Ravingnerd Reviews: The Court of Owls #1

Only two more left to go! Once again the Writing Writer has already discussed this, but it was too good not to share my own thoughts with you all. It’s hard to believe that it’s been over a year since the conclusion of Scott Snyder’s epic Court of the Owls story line, but just as in the comics, the Court never truly goes away. Before I begin discussing this issue in depth, here is what I liked about it.

1. Jorge Lucas’ art is dark and moody, not only fitting for the theme of Forever Evil, but definitely creates the right mood for a book based on the Court.
2. We follow the Court backwards through time and see how powerful and influential they have been through history.
3. Did she just? Damn.

Rating before reading: 7
Rating after reading: 8

This book was great. It was dark, it was moody, and it was terrifying. Not only do we see how the Court keeps themselves sane through all the chaos (it’s their gigantic ego), but we see just how ruthless they can be. It’s also fascinating to note that the Court would actually be good guys in this instance. It’s their job to keep the city under their control, with everything out of control, they must logically assume it is their job to fix it.

What’s especially cool is to see the various different Talons, from the most recent to the Gotham Butcher return. Seeing them interact with their perspective time periods is awesome, and helps make all the Talons seen in Night of the Owls a tad more significant to the overall story. The most sensational part of James Tynion’s script though is the father-daughter context of the two Court Members. The daughter couldn’t be more than 8, and already she’s a full fledged member of their society. We see that even without the Talon’s the Court themselves can be deadly as she leaps to kill the Court member guarding the tomb of the first Talon. After brutally murdering her she turns to hear father and says “She didn’t understand, did she Papa”. Only a loving parent would teach her daughter to be a cold blooded murderer. All in all this issue is well done. It’s terrifying and fascinating all rolled into one. Definitely a highlight of the week, and one of the best books in the bunch.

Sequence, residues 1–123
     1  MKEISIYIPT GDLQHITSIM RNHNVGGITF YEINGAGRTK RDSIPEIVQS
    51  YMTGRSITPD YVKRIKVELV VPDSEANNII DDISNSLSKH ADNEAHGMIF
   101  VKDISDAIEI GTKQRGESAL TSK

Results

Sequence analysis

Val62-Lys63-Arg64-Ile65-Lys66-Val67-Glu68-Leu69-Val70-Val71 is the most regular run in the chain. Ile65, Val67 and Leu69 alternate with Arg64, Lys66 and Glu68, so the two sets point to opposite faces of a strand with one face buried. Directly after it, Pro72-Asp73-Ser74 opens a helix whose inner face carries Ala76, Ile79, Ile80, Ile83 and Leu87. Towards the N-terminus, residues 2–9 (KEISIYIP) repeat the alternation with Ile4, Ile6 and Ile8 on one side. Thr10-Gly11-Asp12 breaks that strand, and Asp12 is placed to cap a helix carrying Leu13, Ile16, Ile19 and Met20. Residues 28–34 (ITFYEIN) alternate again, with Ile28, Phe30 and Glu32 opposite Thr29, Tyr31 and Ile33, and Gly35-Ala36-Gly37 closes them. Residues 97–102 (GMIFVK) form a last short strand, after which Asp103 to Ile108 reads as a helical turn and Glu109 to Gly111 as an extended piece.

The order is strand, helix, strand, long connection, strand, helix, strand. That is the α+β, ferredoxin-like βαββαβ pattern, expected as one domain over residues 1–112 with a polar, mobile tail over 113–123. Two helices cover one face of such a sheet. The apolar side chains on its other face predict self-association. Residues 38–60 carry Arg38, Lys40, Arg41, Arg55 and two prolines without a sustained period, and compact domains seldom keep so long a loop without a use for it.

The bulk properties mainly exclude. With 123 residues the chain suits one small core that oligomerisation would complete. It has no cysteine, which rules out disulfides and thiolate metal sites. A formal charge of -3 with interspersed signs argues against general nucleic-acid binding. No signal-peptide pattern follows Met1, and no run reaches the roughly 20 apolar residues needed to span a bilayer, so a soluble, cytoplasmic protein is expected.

Until the next time, Who scares the Court of Owls?

Rn

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